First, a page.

Ultimately, the information gathered about the discourse of the European Commission in the policy areas allows me to analyse its contribution to the reconstruction of EU borders. Furthermore, the documents I collect in the different policy areas are going to be comparable to each other because all types of documents I intend to collect and examine are available for all the policy areas in question, i.e.

Communications and speeches and landmark Council decisions that have defined the objectives. Therefore, I build my analysis on the basis of the same types of Commission documents.

The main Commission–produced documents that are not included in this study (these are Registers, which offer access to the internal documents – Commission Meetings, Work Programmes, C documents, Committee Deliberations, Expert Groups, Application of Community Law, Codecision; General Publications; Audiovisual Service183) are related either to the internal working of the Commission or are aimed at the General Public. The former have been excluded because the information they are anticipated to provide will give more inside knowledge into the day-to-day run of this institution and I do not consider this as pertinent to the aim of the present study. The latter are an inherent part of the reconstruction of borders by the Commission because they are aimed at the wider public inside and outside the EU and as such can facilitate the process of normalisation of the discourses. However, the goal of critically 182 The status of policy proposals can be tracked at http://ec.europa.eu/prelex/apcnet.cfm?CL=en, accessed on 16. 04. 2009. This is the portal that is monitoring the decision-making process between EU institutions.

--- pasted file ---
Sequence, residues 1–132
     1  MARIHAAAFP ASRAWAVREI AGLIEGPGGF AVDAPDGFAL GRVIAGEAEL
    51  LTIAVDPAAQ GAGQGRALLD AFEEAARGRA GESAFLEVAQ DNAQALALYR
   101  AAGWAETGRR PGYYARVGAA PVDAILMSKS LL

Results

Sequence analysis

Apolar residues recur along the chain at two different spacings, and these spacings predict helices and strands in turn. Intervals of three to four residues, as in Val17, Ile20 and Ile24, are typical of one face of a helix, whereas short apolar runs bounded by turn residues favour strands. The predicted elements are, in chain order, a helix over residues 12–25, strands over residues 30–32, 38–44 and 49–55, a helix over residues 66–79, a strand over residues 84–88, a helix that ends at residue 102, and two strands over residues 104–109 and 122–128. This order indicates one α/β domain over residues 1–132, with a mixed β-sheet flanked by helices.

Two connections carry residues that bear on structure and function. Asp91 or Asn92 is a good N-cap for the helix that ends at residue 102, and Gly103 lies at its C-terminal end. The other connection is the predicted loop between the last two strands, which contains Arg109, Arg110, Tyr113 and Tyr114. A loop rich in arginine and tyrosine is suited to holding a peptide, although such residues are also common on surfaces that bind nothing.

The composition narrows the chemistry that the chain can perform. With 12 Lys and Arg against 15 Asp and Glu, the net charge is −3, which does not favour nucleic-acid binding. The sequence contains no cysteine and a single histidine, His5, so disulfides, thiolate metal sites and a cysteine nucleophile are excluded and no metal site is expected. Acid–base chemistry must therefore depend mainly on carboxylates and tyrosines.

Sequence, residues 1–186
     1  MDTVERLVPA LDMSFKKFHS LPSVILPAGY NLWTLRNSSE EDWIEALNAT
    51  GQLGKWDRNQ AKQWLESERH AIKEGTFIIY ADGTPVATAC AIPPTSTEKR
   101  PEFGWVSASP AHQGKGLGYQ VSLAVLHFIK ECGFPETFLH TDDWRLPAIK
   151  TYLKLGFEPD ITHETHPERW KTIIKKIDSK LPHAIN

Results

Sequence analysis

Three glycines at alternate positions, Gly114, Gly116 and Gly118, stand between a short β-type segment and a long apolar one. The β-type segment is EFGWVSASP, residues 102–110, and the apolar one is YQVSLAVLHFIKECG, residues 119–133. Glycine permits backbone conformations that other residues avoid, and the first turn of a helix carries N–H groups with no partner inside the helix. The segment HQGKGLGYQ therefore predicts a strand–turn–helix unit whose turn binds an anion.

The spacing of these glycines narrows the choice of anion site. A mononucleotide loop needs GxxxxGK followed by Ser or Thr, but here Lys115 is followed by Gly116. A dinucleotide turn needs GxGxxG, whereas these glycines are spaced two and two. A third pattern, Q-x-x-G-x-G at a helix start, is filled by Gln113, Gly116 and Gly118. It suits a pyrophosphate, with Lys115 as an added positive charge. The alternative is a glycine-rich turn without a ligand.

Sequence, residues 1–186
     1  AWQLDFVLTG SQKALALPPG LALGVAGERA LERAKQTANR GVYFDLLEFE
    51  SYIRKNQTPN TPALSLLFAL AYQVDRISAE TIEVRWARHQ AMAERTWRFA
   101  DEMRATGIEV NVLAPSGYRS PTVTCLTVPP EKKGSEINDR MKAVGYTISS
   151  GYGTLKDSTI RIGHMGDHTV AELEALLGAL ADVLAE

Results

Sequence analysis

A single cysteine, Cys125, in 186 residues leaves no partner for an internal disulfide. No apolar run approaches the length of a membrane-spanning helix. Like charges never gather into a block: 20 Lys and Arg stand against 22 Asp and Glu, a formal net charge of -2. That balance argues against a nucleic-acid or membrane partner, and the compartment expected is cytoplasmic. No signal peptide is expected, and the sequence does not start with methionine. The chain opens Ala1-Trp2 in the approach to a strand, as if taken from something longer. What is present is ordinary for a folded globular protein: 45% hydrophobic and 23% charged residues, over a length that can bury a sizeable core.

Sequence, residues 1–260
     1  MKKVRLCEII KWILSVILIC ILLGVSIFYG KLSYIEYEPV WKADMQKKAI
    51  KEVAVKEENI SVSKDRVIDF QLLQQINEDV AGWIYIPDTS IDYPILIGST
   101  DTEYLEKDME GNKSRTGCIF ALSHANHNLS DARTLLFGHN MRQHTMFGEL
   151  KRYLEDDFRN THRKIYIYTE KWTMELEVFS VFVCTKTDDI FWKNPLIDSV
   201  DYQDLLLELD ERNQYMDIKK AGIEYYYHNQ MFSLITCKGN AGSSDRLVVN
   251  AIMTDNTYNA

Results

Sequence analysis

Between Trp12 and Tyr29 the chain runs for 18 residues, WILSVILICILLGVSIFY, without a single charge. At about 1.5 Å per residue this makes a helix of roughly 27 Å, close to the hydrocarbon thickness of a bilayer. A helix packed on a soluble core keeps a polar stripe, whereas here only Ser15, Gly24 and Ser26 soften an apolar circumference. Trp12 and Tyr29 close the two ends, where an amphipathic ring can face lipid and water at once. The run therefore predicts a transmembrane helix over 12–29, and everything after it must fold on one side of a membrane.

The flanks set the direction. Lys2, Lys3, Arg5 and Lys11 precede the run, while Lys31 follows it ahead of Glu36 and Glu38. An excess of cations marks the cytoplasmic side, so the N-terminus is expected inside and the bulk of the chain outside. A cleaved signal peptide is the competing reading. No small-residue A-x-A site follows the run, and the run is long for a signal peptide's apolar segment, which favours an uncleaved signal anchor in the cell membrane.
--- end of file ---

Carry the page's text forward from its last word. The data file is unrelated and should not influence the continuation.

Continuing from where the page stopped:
183 http://europa.eu/documents/comm/index_en.htm, accessed on 3.12.2007. On the same web site links provide access to more details on each of these types of documents.

73 examining the way Commission articulations configure EU borders can be performed satisfactorily without detailed analysis of these documents for two main reasons. Firstly, the bordering configurations in these documents will follow the configurations articulated in the Commission documents that I examine because the information disseminated to the general public is intended to give the ordinary citizen easily understandable information about the EU. Secondly, by analysing the bordering configurations in speeches of Commission officials I have already included aspects of how the Commission relates to the general public. Therefore detailed analysis of Commission documents aimed at the general public goes beyond the scope of this research.